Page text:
Re: [TLS] PR#1091: Changes to provide middlebox robustness

David Benjamin <davidben@chromium.org> Tue, 07 November 2017 16:59 UTC

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From: David Benjamin <davidben@chromium.org>
Date: Tue, 07 Nov 2017 16:59:21 +0000
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To: Hubert Kario <hkario@redhat.com>
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Subject: Re: [TLS] PR#1091: Changes to provide middlebox robustness
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On Tue, Nov 7, 2017 at 10:53 AM Hubert Kario <hkario@redhat.com>; wrote:

> In general +1, I like to see TLS 1.3 deployed ASAP and making the spurious
> failures as rare as possible is a good way to make that happen.
>
> that being said, I have few comments:
>
> On Monday, 6 November 2017 19:19:01 CET Eric Rescorla wrote:
> > https://github.com/tlswg/tls13-spec/pull/1091
> >
> > As I mentioned a while back, we've been seeing evidence of middlebox
> > intolerance. I just posted PR 1091, which is based on a bunch of work
> > by the BoringSSL team and an original suggestion by Kyle Nekritz that
> > should significantly decrease the rate of these errors.
> >
> > The general idea here is to make TLS 1.3 look more like TLS 1.2
> > resumption. The major changes are:
> >
> > - Move version negotiation entirely into "supported_versions", and hence
> >   ServerHello.version == 0x0303 (TLS 1.2)
> > - Restore the missing session_id and compression fields in ServerHello
>
> less special cases in parser code - big +1
>
> > - The client sends a fake session_id and the server echoes it
> > - The server sends ChangeCipherSpec messages after
> > ServerHello/HelloRetryRequest
> >   (so that the middlebox ignores any "encrypted" data afterwards),
> >   and the client sends ChangeCipherSpec after ClientHello. Either
> >   side has to ignore ChangeCipherSpec during the handshake.
>
> That's the part I have a bit of a problem with.
> If the CCS is necessary to make middleboxes work, and given that
> lack-of-CCS-
> intolerance is not something that we can detect reliably (not in a way that
> can be simulated by an attacker), I think the CCS should be baked in the
> TLS
> 1.3 as deep as it was baked into TLS 1.2.
>
> That is, the standard should make it a mandatory message to send, fully
> parsed
> and validated, requiring aborting connection if it is received at any
> unexpected moment, in duplicate, omitted or malformed. Not only as part of
> the
> "compatibility mode".
>

Having the receiver check would work for us (it's what our prototypes do).
And it's true that, were receivers to enforce this, it would be more likely
that implementations reliably work in these environments despite not
testing against them directly.

But we got feedback that this would be too much complexity for some folks.
Getting CCS/handshake synchronization right is a little subtle. And indeed,
I think CCS in TLS 1.2 was generally considered to have been a mistake.
Having the receiver ignore CCS also allows use cases without this kind of
baggage (consider QUIC's embedding of TLS 1.3) to unilaterally disable this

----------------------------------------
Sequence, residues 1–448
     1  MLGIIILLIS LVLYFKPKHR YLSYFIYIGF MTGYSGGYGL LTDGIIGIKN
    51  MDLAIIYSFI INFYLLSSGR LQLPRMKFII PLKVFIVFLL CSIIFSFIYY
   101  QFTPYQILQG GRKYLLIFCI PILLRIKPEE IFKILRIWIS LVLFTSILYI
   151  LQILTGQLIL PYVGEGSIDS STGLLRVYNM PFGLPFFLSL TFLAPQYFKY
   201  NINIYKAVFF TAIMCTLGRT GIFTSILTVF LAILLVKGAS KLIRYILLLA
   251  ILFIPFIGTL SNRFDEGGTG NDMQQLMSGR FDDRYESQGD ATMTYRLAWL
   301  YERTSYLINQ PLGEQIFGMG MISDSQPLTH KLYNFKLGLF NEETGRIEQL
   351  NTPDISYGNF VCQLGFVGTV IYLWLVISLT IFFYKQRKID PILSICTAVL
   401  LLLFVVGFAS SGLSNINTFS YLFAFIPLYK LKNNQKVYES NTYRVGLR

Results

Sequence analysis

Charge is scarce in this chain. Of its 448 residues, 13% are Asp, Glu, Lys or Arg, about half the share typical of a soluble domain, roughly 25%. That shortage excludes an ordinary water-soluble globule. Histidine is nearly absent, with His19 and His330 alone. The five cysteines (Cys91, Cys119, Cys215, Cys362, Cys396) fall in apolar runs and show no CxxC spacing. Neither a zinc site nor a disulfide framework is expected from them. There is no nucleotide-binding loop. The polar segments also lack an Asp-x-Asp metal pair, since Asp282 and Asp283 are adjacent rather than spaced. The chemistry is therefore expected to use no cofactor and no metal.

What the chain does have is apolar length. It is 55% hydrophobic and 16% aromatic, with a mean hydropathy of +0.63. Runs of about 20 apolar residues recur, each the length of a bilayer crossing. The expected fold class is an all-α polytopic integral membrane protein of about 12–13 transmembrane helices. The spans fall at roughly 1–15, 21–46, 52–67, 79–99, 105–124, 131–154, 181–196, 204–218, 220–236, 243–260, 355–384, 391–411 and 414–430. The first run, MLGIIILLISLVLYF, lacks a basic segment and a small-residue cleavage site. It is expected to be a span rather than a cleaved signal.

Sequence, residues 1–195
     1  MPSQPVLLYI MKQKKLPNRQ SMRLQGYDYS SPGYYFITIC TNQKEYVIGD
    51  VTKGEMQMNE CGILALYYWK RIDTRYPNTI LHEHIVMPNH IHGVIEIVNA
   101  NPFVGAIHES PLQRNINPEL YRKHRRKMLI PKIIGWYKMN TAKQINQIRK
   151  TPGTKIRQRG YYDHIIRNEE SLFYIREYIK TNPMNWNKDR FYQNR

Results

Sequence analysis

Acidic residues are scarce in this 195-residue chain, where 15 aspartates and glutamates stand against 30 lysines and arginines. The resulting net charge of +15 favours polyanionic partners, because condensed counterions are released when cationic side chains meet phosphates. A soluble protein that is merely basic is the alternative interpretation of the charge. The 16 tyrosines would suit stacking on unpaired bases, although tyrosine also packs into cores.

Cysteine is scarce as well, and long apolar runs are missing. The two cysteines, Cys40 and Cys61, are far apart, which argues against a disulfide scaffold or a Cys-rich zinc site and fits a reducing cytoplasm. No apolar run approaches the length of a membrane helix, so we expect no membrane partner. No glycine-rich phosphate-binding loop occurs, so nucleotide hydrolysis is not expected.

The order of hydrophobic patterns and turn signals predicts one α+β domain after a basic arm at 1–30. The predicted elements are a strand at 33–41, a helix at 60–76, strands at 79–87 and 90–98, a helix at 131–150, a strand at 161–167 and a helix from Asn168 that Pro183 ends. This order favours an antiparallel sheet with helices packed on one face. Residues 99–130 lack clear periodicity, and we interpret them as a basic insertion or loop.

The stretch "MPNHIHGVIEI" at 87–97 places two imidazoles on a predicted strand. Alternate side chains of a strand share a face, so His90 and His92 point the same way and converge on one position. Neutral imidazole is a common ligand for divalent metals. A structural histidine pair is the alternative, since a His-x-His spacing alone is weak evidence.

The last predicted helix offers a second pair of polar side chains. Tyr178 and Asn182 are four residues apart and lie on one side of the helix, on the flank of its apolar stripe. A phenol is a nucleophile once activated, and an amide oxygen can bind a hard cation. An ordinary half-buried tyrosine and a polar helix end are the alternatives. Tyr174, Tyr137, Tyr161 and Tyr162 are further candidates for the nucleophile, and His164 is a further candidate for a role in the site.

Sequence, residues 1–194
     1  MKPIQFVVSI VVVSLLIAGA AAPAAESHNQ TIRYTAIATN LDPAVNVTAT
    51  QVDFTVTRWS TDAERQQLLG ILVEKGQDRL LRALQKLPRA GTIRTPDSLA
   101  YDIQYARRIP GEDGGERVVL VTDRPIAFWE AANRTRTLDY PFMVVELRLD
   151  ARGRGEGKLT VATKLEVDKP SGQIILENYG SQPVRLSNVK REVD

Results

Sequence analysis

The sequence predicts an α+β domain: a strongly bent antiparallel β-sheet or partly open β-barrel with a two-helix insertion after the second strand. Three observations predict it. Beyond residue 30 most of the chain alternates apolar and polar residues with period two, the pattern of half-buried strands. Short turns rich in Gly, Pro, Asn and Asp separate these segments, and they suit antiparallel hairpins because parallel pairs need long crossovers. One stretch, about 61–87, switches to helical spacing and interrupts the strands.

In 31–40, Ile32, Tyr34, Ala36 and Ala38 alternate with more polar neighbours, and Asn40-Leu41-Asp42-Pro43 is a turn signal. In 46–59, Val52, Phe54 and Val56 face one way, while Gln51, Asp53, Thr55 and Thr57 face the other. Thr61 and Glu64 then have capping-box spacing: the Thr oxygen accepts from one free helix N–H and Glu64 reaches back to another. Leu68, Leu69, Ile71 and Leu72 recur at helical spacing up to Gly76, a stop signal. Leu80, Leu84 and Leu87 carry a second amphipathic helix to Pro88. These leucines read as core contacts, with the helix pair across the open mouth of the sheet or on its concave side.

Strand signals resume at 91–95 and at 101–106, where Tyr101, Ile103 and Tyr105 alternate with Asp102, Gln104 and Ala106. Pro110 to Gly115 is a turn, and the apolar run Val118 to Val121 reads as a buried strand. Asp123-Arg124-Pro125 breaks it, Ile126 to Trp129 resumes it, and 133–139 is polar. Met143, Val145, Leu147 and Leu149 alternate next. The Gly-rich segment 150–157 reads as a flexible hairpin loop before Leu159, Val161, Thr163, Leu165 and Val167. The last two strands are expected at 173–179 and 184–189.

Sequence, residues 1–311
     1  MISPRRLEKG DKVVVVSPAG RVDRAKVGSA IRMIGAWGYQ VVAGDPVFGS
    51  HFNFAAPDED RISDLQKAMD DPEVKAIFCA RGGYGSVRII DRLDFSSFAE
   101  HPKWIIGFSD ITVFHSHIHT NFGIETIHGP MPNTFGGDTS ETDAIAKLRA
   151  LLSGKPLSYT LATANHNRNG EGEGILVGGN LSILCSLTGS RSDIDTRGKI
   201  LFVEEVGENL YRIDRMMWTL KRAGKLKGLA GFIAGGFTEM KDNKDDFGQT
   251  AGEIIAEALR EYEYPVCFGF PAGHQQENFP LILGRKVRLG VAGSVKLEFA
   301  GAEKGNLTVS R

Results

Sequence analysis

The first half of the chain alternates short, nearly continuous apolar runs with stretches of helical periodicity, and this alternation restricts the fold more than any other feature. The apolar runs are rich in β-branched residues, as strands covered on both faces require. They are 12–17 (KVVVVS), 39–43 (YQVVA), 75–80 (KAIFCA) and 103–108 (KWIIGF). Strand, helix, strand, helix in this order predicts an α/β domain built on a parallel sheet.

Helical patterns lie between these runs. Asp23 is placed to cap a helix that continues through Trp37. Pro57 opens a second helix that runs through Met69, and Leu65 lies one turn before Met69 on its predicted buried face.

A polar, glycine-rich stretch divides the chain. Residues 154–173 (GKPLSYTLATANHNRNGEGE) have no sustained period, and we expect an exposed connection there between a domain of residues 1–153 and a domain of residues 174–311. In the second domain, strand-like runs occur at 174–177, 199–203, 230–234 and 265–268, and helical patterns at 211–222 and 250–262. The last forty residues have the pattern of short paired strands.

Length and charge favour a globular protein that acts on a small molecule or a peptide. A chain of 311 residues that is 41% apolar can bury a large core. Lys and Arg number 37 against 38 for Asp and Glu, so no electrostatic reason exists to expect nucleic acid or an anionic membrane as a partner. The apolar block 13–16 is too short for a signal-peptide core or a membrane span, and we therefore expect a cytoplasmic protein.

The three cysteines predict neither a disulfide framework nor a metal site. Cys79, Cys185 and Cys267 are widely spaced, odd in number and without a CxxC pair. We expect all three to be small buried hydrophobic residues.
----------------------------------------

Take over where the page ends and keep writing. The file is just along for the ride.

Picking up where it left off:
compatibility mode.

So I think I prefer the formulation in the PR.


> > - Merge HRR and ServerHello into a single message with the semantics
> >   distinguished by a special ServerHello.Random value.
> > - Switch the record layer version to 0x0303 for post-ClientHello
> >   messages to match ServerHello.
> >
> > Once you do this, the middleboxes seem to mostly ignore everything
> > after the CCS, so the rest of the handshake proceeds smoothly.
>
> So I have this crazy idea... What happens if the first message sent by
> client
> and server is the CCS?
>

We didn't test that variant, but we did try turning off the
client-generated session ID to see if that was necessary and it was if I
recall, the failure rate without that was comparable to draft-18 if not
higher. Additionally, we know that making the record layer say TLS 1.2 was
necessary once we made ServerHello.version say TLS 1.2. (We'd have had a
proposal for the working group sooner had we not missed that difference
first time around! :-( )

This makes me doubt just sticking a CCS in front would suffice. It suggests
that middleboxes are actually parsing out TLS more deeply than that. Which
is also what one can expect. I think the clear conclusion one can draw from
this issue and similar elsewhere is that every reliably observable property
of network traffic will, over time, become ossified. The Internet is very
change-averse, and TLS 1.2 gave it far too many bits to latch onto.


> > This is all a bit nasty, but none of it changes the cryptographic
> > computations or the state machine (because you just ignore CCS).
> > Several of the most unpleasant changes (sending fake session id and
> > sending ChangeCipherSpec), are only needed in compatibility mode,
> > and if you don't have to worry about middleboxes, you can just
> > omit them.
> >
> > There are implementations of these changes (except for HRR) in both
> > BoringSSL and NSS, and Google has preliminary measurements with these
> > changes that show comparable error rates to TLS 1.2 (I expect them to
> > publish those shortly). We expect to have further measurements from
> > Chrome as well as from Firefox by the WG meeting.
> >
> > Please take a look and hopefully we can close on this in Singapore.
>
> --
> Regards,
> Hubert Kario
> Senior Quality Engineer, QE BaseOS Security team
> Web: www.cz.redhat.com
> Red Hat Czech s.r.o., Purky┼łova 115, 612 00  Brno, Czech
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